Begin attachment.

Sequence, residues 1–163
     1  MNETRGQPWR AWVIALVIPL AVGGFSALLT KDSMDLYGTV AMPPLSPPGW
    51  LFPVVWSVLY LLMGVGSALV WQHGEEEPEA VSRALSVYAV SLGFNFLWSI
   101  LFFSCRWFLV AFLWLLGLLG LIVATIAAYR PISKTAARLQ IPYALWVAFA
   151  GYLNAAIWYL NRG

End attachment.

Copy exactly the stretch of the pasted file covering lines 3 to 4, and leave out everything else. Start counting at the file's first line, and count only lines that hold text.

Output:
    51  LFPVVWSVLY LLMGVGSALV WQHGEEEPEA VSRALSVYAV SLGFNFLWSI
   101  LFFSCRWFLV AFLWLLGLLG LIVATIAAYR PISKTAARLQ IPYALWVAFA